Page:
My counry has been racked for too long by divisiveness, both tribal and religious, and as I look down my list of ministers I like to see the varied mixture of people that we have. Coming from such a mixed background myself I cannot help but think that this variety somehow captures the spirit of the new Sierra Leone, and unity within my country has always been one of my own main aims, and also that of the A.P.C. My work makes it necessary for me to spend most of my time in Freetown, and although I love our capital, I am always pleased to visit the provinces, and sometimes even go back to the places of my youth.
The eve of my 68th birthday found me travelling to Moyamba for a four day visit, and although I have never shirked from work during my lifetime, it is always pleasant to combine business with pleasure! Visiting old childhood haunts can often be a disturbing surprise: sometimes places one knew and loved as a child are changed beyond recognition. But I am always delighted to return to Moyamba. and to see the improvements that have taken place in agriculture since I was a boy. On this particular visit I was able to talk seriously about the problem of rural migration. This is a problem that every country has to contend with, and we are no exception.
The trouble is that folk in the country always assume that the towns hold the key to prosperity and happiness. Of course, this is not the case, and many country people have found that there are no jobs for them in the city, it is more difficult to make friends, and they do not have the support of their families. As often as not these people end up in trouble, and in the end an urban life proves to be an empty temptation.
As it was my birthday the people of Moyamba made a particular effort with their entertainments for me. I was feted with songs and music by the police band, and I received many presents, including an antique church bell, silver coins that were used in Sierra Leone between 1871 and 1910, and a live cow. I was given more birthday cakes than I could possibly have eaten, but was glad to be able to share my anniversary with so many other people.
I have stressed that one of the most striking features of the A.P. C., and indeed of my own philosophy, is the recognition of the need for practicality: it is the only way that a small third world country can survive.
And so it has always been my intention to foster strong and healthy friendships with other West African states. After achieving political independence for Sierra Leone it soon became obvious that if this was to mean anything it would have to be accompanied by the ability to be economically independent For this reason we have played a leading role in ECOWAS and have forged firm links with our neighbours.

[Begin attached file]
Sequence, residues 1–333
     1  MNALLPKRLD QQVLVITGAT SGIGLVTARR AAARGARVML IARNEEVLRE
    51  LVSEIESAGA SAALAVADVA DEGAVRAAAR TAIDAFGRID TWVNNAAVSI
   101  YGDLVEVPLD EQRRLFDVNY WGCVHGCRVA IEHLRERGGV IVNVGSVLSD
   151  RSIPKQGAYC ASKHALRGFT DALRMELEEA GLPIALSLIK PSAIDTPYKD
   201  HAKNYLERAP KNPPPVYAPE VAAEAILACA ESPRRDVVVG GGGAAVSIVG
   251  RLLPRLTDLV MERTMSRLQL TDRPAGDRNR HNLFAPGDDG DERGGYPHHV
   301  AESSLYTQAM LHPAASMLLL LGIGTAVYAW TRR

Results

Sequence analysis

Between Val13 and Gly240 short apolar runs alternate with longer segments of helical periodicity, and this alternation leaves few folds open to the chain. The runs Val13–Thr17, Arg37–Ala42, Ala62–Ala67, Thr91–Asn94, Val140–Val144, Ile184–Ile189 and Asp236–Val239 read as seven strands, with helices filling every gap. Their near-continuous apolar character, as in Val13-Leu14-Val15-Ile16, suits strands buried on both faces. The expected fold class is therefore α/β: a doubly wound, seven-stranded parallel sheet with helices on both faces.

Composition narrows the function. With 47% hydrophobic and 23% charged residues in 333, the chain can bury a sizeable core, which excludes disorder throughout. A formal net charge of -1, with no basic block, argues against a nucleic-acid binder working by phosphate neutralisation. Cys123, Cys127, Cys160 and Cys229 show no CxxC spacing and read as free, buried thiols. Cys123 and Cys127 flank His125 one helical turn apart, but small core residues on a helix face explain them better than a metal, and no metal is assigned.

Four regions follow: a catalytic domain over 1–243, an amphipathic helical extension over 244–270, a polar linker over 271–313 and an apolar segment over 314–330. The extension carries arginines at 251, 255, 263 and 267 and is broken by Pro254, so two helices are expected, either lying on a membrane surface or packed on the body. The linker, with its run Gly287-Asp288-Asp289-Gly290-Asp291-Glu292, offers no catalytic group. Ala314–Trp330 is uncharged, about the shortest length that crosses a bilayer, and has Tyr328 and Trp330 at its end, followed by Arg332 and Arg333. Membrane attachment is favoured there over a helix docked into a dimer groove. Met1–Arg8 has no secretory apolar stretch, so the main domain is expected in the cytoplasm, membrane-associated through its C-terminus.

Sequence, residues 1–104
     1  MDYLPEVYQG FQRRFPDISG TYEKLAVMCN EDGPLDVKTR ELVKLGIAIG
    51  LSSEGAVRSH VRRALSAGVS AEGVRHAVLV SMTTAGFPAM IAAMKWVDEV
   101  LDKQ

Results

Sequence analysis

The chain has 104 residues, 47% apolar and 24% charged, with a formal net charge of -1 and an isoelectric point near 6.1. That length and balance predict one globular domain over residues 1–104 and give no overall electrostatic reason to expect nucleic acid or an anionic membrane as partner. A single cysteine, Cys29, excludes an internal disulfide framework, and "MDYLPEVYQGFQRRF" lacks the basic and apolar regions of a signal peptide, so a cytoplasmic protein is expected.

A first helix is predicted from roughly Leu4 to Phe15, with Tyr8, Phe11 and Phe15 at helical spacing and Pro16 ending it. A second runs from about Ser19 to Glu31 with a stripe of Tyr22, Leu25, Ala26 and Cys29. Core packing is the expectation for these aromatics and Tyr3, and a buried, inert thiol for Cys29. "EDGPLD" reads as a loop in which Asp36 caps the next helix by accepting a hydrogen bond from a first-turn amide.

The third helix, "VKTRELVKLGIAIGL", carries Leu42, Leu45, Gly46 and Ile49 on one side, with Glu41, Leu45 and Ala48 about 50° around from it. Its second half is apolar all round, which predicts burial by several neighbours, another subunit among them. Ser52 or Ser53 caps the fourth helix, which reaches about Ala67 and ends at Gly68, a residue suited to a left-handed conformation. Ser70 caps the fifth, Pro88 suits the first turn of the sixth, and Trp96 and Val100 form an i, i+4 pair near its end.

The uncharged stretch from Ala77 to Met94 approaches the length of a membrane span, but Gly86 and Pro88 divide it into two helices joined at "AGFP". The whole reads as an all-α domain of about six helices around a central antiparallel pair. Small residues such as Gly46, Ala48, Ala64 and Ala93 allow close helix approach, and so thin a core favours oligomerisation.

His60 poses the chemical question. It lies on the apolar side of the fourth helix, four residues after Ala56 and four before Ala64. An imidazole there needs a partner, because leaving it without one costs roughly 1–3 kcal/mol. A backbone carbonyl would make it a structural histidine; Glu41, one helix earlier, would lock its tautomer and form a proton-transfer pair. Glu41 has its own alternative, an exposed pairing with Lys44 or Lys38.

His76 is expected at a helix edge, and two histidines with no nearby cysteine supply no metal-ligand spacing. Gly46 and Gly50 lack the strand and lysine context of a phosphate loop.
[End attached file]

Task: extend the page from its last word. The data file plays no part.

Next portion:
Perhaps the firmest link of all has been made with Liberia, our immediate neighbour to the west, in the shape of the Mano River Union. This river forms a boundary between the two nations and has become a symbol to all Sierra Leoneans of co-operation between Liberia and ourselves. I remember well the signing of the treaty establishing the Union. It took place in Malema, Soro Gbema Chiefdom, Pujehun District, and the signatories were myself and the late Dr. William Tolbert, the then President of Liberia. It seems to me that although international bodies such as the U.N. perform very valuable functions, it is important to mend our own fences at home before we can play in any world union.
The principal objectives of the Union have been to expand trade between the two countries by the elimination of existing trade barriers. It also seeks to secure a fair distribution of the benefits of economic co-operation. It was established in two main phases, the first of which includes the liberalisation of mutual trade in goods of local origin; the harmonisation of rates of import duties and other financial incentives applicable to goods of local origin, and supporting measures for developing co-operation in the production of agricultural and manufactured products of local origin. Since the establishment of the Union we have seen many co-operative ventures and even the setting up of scholarships for students. Perhaps most importantly of all, we have seen the Union expand so that it now includes Guinea.